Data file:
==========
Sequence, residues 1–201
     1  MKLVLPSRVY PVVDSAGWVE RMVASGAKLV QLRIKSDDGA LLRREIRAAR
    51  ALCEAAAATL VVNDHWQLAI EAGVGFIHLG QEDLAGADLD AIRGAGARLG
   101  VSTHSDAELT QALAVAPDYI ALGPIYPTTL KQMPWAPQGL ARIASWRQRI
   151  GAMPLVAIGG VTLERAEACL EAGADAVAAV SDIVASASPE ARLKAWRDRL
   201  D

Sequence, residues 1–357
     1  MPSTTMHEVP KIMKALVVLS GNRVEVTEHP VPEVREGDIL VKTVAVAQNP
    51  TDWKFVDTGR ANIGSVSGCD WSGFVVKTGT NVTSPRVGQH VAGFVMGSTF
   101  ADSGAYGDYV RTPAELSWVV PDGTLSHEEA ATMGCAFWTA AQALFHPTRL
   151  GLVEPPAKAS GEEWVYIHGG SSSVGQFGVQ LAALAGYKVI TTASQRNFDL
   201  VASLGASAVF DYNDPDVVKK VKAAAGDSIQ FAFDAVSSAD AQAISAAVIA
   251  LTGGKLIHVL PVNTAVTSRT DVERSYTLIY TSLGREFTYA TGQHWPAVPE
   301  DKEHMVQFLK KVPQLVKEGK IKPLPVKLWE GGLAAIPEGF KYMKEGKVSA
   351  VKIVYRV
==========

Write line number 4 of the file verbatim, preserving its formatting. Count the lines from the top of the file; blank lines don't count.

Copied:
   101  VSTHSDAELT QALAVAPDYI ALGPIYPTTL KQMPWAPQGL ARIASWRQRI